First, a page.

Revision # 1
Dear Query Shark,
Prophecies, Princess Willow Starmill has decided, are the worst. Especially the one that says she must marry a prince. The seer’s words prevent Willow from kissing her best friend, Finn Fields, the only mortal on Atlantis, but they don’t stop her from wondering what it would be like.
Let’s talk rhythm here. What you have is a long ass sentence of 29 words:
The seer’s words prevent Willow from kissing her best friend, Finn Fields, the only mortal on Atlantis, but they don’t stop her from wondering what it would be like.
Consider this revision:
The seer’s words prevent Willow from kissing her best friend, Finn Fields, the only mortal on Atlantis
. butThey don’t stop her from wondering what it would be like.
The shorter sentences are punchier, more rhythmic.
This is the work of revising. Everyone writes long ass sentences on that first draft.
It’s when you dig in, looking at each sentence and thinking “what can I do to make this more hard hitting.”
Timing is everything, and not just in comedy.
That cursed prophecy is all anyone can talk about when a prince unexpectedly visits from another realm. Prince George offers political strength, a marriage proposal, and eternal boredom. Willow can’t give him an answer until she sorts out her confusing feelings for Finn
And again, look at that last sentence. 28 words. Flab flab flab.
Unpredictable weather causes devastating damage. A fast-spreading illness affects half the population. Rampaging beasts, dormant for centuries, injure people beyond magical repair. Willow and Finn barely escape from a winged menace near the forest. Giant claws shred four young men in the mountains. The waters teem with deadly tentacles. Willow’s kingdom used to be a paradise full of bird-speak and flower-song. The only melodies floating on the salty air since Prince George arrived are dirges.
Let’s do a better job of connecting those two paragraphs. Often it’s as simple as repeating a word:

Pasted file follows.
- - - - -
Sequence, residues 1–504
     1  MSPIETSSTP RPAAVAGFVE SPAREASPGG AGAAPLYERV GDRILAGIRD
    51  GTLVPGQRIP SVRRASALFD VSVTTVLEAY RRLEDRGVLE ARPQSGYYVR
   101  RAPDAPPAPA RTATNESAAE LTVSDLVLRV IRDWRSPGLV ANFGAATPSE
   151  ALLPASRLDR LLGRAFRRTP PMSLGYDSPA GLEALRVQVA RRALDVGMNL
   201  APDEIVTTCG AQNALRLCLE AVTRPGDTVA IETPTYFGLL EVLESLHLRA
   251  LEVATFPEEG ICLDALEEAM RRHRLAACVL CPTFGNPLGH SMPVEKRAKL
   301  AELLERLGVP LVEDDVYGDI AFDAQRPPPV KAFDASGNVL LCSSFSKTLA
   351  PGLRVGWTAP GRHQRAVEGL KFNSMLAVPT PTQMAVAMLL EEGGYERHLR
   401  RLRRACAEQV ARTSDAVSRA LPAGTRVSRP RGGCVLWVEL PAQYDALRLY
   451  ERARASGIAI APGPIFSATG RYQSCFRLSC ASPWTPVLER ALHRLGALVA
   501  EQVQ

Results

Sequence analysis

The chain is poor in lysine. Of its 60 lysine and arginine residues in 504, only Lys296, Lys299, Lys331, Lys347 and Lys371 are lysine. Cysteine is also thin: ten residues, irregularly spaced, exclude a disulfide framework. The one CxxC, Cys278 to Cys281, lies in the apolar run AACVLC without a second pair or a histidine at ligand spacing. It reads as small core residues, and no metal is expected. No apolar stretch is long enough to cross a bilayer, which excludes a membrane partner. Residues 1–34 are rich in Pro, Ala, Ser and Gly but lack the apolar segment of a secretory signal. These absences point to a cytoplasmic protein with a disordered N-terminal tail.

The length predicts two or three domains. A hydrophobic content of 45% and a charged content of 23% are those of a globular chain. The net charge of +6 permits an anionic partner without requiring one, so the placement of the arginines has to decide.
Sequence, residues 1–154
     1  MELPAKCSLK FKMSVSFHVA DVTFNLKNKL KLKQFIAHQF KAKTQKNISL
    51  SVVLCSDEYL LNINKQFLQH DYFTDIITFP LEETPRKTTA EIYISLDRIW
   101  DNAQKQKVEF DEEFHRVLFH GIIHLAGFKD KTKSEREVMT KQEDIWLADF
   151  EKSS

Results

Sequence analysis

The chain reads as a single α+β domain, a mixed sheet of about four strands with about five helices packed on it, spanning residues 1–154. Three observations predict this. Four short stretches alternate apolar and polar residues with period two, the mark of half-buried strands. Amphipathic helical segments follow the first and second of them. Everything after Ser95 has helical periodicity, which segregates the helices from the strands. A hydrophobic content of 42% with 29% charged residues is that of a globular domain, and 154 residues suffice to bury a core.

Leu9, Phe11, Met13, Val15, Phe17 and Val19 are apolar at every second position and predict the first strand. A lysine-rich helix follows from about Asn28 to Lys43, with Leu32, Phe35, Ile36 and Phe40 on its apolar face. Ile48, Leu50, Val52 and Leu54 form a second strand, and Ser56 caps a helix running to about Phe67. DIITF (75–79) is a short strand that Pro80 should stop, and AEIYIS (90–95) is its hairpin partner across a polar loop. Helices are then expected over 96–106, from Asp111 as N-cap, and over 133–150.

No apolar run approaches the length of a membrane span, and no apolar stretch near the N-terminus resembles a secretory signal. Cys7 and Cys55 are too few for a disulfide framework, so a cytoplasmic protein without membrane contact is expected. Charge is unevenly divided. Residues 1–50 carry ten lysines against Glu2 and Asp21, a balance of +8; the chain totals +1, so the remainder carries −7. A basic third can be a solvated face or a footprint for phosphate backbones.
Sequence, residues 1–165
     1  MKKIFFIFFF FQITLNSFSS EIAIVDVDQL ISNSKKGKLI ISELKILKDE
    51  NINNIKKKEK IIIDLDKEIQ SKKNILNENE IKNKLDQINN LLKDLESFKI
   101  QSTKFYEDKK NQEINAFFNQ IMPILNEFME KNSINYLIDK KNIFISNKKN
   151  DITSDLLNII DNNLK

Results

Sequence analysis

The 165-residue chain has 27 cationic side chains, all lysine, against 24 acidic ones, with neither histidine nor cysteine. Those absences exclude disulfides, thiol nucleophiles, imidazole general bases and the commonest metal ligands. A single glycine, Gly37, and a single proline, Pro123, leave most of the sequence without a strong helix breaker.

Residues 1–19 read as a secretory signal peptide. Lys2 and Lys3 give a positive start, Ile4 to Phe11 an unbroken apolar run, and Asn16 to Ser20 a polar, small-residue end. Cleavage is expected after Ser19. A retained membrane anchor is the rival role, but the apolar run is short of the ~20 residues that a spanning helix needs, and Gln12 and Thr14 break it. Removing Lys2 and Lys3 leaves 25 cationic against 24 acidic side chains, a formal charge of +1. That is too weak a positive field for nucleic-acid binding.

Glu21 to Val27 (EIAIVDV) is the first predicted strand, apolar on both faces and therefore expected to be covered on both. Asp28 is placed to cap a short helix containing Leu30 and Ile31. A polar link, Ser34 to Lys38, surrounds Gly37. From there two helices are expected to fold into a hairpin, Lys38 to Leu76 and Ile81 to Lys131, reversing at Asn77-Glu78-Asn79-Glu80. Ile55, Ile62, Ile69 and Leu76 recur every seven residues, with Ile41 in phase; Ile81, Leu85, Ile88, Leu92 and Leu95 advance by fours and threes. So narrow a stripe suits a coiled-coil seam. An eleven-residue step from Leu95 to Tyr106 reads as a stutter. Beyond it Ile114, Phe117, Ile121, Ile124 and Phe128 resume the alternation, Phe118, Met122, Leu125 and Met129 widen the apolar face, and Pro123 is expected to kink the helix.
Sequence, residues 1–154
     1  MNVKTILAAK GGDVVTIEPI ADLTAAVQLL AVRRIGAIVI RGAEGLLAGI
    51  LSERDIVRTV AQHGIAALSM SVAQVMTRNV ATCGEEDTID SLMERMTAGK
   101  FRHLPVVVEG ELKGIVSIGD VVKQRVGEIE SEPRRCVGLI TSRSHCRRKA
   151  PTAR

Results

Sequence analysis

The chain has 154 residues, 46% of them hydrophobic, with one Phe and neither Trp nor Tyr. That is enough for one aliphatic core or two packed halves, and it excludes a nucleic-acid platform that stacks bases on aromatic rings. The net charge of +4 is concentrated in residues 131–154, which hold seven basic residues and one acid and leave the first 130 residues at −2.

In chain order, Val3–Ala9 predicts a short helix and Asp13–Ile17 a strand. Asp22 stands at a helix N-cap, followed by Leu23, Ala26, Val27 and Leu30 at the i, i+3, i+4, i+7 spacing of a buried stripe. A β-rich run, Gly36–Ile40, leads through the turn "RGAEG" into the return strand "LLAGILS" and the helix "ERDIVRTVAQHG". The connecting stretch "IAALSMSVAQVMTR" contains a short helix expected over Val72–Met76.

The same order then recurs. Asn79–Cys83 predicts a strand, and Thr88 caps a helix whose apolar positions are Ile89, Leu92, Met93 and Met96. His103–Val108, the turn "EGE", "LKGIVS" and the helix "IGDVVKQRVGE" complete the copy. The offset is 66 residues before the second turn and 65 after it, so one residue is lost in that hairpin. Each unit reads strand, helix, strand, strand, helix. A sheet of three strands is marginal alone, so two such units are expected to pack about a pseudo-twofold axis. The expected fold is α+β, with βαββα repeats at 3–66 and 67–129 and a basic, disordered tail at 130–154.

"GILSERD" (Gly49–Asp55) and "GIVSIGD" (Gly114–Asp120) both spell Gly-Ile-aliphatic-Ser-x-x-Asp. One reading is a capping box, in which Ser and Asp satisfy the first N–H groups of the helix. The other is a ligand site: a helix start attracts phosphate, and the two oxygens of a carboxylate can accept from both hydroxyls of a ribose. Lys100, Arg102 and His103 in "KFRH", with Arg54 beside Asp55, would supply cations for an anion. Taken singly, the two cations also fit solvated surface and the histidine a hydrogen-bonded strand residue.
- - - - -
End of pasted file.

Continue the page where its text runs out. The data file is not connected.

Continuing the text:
the more dangerous her beloved island becomes.Unpredictable dangerous weather causes devastating damage.
Then you just swan off into detail that doesn’t move the plot forward:
You can cut all of this:
Willow and Finn barely escape from a winged menace near the forest. Giant claws shred four young men in the mountains. The waters teem with deadly tentacles. Willow’s kingdom used to be a paradise full of bird-speak and flower-song. The only melodies floating on the salty air since Prince George arrived are dirges.
Without losing any plot.
People whisper about bad luck and ignored prophecies. Marry the prince and end this, they say. What no one understands is if Willow marries George, a piece of her, the Finn-sized piece, will die.
It’s not ignored prophecies, plural. It’s ignored prophecy singular. That’s a HUGELY important detail because one ignored prophecy that falls on Willow means she’s the only person who can change things.
Details like this catch my eye in the query. I really respond to meticulous writing.
Also for what’s at stake “the Finn-sized piece of her may die” is pretty low-rent. If I lived in Atlantis, I’d say “hey Willow, suck it up, people are dying here.”